Tuesday, July 25, 2017

Field Guide to Succulents of Southern Africa by Estrela Figueiredo, Gideon Smith & Neil Crouch

Anyone who knows me well will be aware of one of my favourite hobbies – collecting succulent plants. The bug first bit me when my mom and dad took me to some big flower show held in Cape Town during the 1980s, and the bought me an argyroderma that I, predictably, murdered by the time the first winter came round. Later lithops species I owned didn't fare much better, however my aloes are my pride and joy, and I now have several species flourishing in my garden. So to say I love the succulent flora of southern Africa is a wee bit of an understatement.

It goes without saying that I collect books on succulent flora too, however I do admit to having been a bit more restrained about this habit since our house isn't getting any bigger and we've officially run out of shelf space ... well, okay, I lie, if there's a book I really want, I make a plan.

Of course when the new Field Guide to Succulents of Southern Africa by Estrela Figueriedo, Gideon Smith and Neil Crouch came out this year, I was all about the grabby fingers. Field guides are *incredibly* useful, and one that is as comprehensive as this rather hefty little volume, makes it a must-have on any serious plant collector's shelf. Of course the thing is, as with most field guides, there's limited space for how much information can be packed in for all the species, but I was suitably impressed by the comprehensive nature of this particular title.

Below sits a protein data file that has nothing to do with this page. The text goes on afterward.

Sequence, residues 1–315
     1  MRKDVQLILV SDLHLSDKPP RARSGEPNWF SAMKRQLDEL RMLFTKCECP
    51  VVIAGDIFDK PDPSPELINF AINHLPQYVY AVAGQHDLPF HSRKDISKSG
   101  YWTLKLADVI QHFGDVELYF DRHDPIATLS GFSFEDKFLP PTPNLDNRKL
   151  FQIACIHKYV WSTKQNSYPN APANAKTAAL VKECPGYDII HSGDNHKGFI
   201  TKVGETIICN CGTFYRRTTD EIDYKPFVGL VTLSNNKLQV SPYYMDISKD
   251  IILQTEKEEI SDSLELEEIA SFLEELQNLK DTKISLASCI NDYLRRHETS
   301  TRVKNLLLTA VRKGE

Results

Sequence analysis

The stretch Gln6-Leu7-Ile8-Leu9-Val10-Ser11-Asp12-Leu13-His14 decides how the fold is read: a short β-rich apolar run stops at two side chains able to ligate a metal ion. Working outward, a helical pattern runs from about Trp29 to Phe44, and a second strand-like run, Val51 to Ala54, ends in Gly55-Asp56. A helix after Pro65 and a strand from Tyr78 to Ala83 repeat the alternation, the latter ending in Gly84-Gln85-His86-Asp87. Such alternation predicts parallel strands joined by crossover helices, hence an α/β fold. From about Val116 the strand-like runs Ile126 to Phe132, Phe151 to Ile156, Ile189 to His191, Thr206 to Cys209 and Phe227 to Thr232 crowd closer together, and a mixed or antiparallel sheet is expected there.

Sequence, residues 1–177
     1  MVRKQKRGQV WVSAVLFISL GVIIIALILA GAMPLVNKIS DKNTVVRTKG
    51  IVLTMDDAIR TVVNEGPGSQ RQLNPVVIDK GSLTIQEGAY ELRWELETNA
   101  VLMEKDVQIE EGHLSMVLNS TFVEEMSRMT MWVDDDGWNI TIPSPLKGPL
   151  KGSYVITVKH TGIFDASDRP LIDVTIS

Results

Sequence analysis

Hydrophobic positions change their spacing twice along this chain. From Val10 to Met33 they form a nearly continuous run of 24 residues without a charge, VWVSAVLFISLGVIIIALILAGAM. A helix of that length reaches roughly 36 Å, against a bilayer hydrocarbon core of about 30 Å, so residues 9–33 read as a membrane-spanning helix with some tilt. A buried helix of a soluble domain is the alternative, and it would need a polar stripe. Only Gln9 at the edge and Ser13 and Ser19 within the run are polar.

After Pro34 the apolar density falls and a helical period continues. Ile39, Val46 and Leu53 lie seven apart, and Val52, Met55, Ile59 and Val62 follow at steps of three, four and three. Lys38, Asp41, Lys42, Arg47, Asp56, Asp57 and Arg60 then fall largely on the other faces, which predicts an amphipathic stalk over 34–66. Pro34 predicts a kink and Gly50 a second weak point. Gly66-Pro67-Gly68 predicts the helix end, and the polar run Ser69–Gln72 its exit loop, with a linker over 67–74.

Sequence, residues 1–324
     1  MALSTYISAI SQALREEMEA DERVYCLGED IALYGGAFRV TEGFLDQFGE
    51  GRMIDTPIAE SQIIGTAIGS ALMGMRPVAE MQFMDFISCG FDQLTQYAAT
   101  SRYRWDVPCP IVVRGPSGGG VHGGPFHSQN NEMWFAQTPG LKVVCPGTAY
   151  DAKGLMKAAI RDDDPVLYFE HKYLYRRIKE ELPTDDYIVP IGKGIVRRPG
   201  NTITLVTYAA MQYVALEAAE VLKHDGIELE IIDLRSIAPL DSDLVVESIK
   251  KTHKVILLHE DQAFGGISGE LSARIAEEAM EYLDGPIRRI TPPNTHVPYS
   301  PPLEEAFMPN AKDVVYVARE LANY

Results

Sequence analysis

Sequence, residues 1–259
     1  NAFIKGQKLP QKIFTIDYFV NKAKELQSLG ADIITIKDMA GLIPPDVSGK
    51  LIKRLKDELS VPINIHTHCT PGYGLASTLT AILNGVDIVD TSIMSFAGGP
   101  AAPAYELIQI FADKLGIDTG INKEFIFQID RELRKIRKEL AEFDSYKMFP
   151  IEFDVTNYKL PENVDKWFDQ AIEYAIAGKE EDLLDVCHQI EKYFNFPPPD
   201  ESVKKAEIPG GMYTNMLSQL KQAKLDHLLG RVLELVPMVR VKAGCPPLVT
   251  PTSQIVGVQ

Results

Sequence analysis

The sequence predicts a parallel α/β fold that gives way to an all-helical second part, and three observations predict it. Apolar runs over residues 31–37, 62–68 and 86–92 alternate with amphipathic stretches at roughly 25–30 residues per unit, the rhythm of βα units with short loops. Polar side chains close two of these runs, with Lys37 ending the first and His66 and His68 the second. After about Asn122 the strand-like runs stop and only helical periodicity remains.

The introductory sections do the job of highlighting the incredible diversity and vulnerability of succulent flora in this region, and is then divided into the various species. I've always considered myself to be reasonably well educated about succulent flora, especially in South Africa, but even I learnt a few new facts. (Also, I had the horrors of realising that the Latin names have changed for the aloes, which means I now have new names to memorise.)

However, what this book has done is remind me that there are still many species I'd really love to collect, especially the carrion flowers, assorted mesembs and, yes, even more aloes. And I could do with a few more euphorbias while I'm at it...

What's great about this book is it's just the right size to take out with you in the veld, because yes, the husband and I are the types of people who'll go for a walk in the Karoo then not get very far as we start crouching about likely spots to see which succulent species we can discover. (I'm sure passers-by must wonder what on earth is going on.)

The downside with the ease of use for this book is that it packs in a *huge* amount of information in a small space – pictures might be on the small side, and facts offered are just enough to give you a jump start for further research. And maybe that's exactly what makes this little book such a treasure. This field guide has a permanent place on my bookshelves, and I'd early love, love, love to see the publisher to bring out bigger, coffee table books that focus on the different families. The carrion flowers on their own already deserve special treatment...

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